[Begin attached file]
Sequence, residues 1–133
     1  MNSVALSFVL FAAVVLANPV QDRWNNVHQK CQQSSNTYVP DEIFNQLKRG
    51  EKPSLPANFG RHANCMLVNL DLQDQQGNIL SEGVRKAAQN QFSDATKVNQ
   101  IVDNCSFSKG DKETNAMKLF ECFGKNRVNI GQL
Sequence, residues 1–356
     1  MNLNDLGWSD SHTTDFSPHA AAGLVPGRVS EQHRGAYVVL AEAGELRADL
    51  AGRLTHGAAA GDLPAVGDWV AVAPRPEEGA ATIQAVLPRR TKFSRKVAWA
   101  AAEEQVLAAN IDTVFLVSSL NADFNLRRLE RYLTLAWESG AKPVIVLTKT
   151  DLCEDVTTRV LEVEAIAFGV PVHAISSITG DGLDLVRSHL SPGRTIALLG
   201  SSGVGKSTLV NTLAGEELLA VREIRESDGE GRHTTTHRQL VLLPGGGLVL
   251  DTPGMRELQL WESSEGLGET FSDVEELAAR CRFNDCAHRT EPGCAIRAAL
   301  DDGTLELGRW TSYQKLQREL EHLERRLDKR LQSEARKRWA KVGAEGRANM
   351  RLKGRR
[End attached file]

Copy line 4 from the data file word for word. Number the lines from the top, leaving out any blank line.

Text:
   101  IVDNCSFSKG DKETNAMKLF ECFGKNRVNI GQL